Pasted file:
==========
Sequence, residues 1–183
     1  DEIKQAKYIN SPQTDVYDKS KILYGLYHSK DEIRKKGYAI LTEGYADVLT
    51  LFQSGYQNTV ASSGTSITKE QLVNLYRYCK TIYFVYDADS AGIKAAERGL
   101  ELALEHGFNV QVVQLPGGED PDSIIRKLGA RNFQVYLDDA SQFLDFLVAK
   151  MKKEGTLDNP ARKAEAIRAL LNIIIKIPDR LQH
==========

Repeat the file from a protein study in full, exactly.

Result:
Sequence, residues 1–183
     1  DEIKQAKYIN SPQTDVYDKS KILYGLYHSK DEIRKKGYAI LTEGYADVLT
    51  LFQSGYQNTV ASSGTSITKE QLVNLYRYCK TIYFVYDADS AGIKAAERGL
   101  ELALEHGFNV QVVQLPGGED PDSIIRKLGA RNFQVYLDDA SQFLDFLVAK
   151  MKKEGTLDNP ARKAEAIRAL LNIIIKIPDR LQH